Throw aneNew

You might need to catch an exception that you cannot handle completely. You would then perform any required processing and throw a more relevant and informative exception to the calling code, so that it can perform the rest of the processing. In this case, you can create a new exception whose constructor wraps the previously caught exception in the new exception's InnerException property. The calling code will now have more information available to handle the exception appropriately.

Because InnerException is also an exception, it might also store an exception object in its InnerException property, so what you are propagating is a chain of exceptions. This information can be very valuable at debugging time because it allows you to trace the problem to its origin.

The Finally Block

The Finally block contains the code that always executes whether any exception occurred. You can use the Finally block to write cleanup code to maintain your application in a consistent state and preserve the external environment. As an example you can write code to close files, database connections, or related I/O resources in a Finally block.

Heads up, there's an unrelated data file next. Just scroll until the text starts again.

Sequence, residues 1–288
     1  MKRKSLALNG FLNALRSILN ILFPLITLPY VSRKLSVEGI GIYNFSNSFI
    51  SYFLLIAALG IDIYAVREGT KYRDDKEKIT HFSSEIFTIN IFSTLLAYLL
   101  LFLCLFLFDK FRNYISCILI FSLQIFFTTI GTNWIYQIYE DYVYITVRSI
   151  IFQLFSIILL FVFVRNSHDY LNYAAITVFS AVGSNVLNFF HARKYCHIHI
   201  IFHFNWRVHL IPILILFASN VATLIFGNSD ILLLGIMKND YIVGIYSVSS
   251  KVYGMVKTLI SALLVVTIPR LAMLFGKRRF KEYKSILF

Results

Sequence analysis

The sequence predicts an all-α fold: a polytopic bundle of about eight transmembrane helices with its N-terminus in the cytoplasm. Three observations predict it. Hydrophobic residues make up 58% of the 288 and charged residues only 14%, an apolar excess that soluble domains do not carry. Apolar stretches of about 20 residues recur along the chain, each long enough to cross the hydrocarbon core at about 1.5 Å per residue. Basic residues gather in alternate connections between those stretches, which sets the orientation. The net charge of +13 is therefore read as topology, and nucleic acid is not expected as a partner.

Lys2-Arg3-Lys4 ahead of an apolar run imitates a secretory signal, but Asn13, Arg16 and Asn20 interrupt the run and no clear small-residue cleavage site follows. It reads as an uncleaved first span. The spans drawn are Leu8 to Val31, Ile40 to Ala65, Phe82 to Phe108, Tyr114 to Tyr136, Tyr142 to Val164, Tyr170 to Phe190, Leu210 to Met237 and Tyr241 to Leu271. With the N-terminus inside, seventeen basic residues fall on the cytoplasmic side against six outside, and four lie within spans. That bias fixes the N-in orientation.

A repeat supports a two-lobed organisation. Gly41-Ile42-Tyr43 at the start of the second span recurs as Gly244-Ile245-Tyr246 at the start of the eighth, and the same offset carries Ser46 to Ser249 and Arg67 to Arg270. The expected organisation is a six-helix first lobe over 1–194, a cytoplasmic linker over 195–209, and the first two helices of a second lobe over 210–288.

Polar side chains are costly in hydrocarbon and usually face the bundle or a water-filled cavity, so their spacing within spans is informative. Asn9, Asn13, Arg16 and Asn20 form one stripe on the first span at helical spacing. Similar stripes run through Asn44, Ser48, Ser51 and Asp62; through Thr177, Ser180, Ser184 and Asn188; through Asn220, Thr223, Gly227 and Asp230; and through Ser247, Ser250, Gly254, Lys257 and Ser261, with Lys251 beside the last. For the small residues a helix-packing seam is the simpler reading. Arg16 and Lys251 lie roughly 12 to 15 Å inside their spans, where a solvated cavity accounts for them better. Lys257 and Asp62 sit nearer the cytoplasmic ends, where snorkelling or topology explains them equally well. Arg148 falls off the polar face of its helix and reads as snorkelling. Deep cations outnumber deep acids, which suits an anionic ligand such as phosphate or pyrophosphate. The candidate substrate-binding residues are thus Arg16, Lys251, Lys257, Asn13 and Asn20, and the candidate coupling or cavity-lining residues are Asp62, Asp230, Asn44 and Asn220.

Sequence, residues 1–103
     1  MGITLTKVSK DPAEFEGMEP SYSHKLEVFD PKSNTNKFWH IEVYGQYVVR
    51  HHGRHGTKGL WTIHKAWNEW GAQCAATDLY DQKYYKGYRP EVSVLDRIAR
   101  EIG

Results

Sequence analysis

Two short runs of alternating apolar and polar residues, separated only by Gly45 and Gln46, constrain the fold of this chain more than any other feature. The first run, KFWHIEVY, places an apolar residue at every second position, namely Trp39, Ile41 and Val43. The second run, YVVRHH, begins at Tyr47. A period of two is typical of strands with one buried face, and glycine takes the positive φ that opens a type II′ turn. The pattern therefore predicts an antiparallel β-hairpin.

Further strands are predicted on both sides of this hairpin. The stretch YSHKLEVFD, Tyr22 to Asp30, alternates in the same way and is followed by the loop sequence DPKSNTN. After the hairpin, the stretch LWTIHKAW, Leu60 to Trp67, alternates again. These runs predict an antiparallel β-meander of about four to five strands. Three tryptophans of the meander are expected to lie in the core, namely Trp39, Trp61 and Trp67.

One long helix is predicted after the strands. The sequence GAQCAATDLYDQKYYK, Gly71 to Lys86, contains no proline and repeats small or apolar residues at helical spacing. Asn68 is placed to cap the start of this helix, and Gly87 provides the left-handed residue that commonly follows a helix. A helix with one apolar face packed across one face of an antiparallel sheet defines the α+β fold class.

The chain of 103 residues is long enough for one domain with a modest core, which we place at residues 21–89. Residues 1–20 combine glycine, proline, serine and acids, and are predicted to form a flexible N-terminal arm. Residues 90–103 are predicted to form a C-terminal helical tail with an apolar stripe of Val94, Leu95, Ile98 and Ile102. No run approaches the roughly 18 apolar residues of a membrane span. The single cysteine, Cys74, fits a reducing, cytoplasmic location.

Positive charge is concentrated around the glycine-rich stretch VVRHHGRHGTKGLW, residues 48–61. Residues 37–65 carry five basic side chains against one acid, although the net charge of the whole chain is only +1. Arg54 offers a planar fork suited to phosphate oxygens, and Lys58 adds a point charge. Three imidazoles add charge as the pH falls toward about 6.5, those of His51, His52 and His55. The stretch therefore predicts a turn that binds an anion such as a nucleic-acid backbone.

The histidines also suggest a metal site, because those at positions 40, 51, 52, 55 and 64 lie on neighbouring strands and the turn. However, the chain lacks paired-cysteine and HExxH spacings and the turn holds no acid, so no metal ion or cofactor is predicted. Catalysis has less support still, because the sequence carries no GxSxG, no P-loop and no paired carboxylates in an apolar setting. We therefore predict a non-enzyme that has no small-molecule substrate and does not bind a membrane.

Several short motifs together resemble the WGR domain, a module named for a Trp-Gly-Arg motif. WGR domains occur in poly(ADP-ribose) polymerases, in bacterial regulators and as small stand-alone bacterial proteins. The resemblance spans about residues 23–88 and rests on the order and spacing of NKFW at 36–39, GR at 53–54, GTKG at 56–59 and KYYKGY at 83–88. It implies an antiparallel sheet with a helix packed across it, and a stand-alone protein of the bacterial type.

No Code in Between Try, Catch, and Finally Blocks When you write Try, Catch, and Finally blocks, they must be in immediate succession. You cannot write any code between the blocks, although you can place comments between them.

It is not necessary for a Try block to have an associated Finally block. However, if you do write a Finally block, you cannot have more than one, and the Finally block must appear after all the Catch blocks.

Step By Step 3.3 illustrates the use of the Finally block.

STEP BY STEP 3.3 Using a Finally Block

  1. Add a new Windows Form to your Visual Basic .NET project.

  2. Place two TextBox controls (txtFileName and txtText), two Label controls, and a Button control (btnSave) on the form's surface and arrange them as shown in Figure 3.5.

Figure 3.5 An application to test a Finally block.

  1. Double-click the Button control to open the form's module. Enter a reference at the top of the module:

    Imports System.IO
  2. Enter this code to handle the Button's Click event:

    Private Sub btnSave_Click(ByVal sender As System.Object, _
     ByVal e As System.EventArgs) Handles btnSave.Click
      ' A StreamWriter writes characters to a stream 
      Dim sw As StreamWriter
        sw = New StreamWriter(txtFilename.Text)
        ' Attempt to write the textbox contents in a file
        Dim strLine As String
        For Each strLine In txtText.Lines
        ' This line only executes if 
        ' there were no exceptions so far
        MessageBox.Show( _
         "Contents written, without any exceptions")
        ' Catches all CLS-complaint exceptions
      Catch ex As Exception
        Dim msg As String = String.Format( _
       "Message: {0}\n Stack Trace:\n {1}", _
       ex.Message, ex.StackTrace)
        MessageBox.Show(msg, ex.GetType().ToString())
        GoTo endit
        ' The finally block is always 
        ' executed to make sure that the